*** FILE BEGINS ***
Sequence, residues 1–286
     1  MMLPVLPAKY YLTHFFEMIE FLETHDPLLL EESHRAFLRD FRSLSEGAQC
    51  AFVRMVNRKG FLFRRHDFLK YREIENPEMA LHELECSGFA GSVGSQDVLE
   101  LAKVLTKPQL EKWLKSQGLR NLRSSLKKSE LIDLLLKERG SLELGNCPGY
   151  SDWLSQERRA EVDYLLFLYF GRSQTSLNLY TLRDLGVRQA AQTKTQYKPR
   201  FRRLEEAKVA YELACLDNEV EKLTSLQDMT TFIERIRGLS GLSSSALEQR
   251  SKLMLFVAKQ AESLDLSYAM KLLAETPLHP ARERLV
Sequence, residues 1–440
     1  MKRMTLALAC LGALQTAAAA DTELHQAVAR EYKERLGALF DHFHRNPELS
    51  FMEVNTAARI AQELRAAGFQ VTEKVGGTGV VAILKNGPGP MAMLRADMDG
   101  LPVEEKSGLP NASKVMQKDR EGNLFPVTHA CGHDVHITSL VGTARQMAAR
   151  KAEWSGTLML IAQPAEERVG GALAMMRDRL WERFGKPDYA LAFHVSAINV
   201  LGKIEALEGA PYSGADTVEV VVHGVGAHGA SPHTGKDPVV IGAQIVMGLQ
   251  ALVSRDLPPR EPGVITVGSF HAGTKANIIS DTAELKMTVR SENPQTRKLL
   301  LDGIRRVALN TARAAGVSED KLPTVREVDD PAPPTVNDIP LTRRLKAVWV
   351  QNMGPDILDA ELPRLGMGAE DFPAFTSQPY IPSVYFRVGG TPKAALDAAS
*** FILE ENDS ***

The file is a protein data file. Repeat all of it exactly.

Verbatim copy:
Sequence, residues 1–286
     1  MMLPVLPAKY YLTHFFEMIE FLETHDPLLL EESHRAFLRD FRSLSEGAQC
    51  AFVRMVNRKG FLFRRHDFLK YREIENPEMA LHELECSGFA GSVGSQDVLE
   101  LAKVLTKPQL EKWLKSQGLR NLRSSLKKSE LIDLLLKERG SLELGNCPGY
   151  SDWLSQERRA EVDYLLFLYF GRSQTSLNLY TLRDLGVRQA AQTKTQYKPR
   201  FRRLEEAKVA YELACLDNEV EKLTSLQDMT TFIERIRGLS GLSSSALEQR
   251  SKLMLFVAKQ AESLDLSYAM KLLAETPLHP ARERLV
Sequence, residues 1–440
     1  MKRMTLALAC LGALQTAAAA DTELHQAVAR EYKERLGALF DHFHRNPELS
    51  FMEVNTAARI AQELRAAGFQ VTEKVGGTGV VAILKNGPGP MAMLRADMDG
   101  LPVEEKSGLP NASKVMQKDR EGNLFPVTHA CGHDVHITSL VGTARQMAAR
   151  KAEWSGTLML IAQPAEERVG GALAMMRDRL WERFGKPDYA LAFHVSAINV
   201  LGKIEALEGA PYSGADTVEV VVHGVGAHGA SPHTGKDPVV IGAQIVMGLQ
   251  ALVSRDLPPR EPGVITVGSF HAGTKANIIS DTAELKMTVR SENPQTRKLL
   301  LDGIRRVALN TARAAGVSED KLPTVREVDD PAPPTVNDIP LTRRLKAVWV
   351  QNMGPDILDA ELPRLGMGAE DFPAFTSQPY IPSVYFRVGG TPKAALDAAS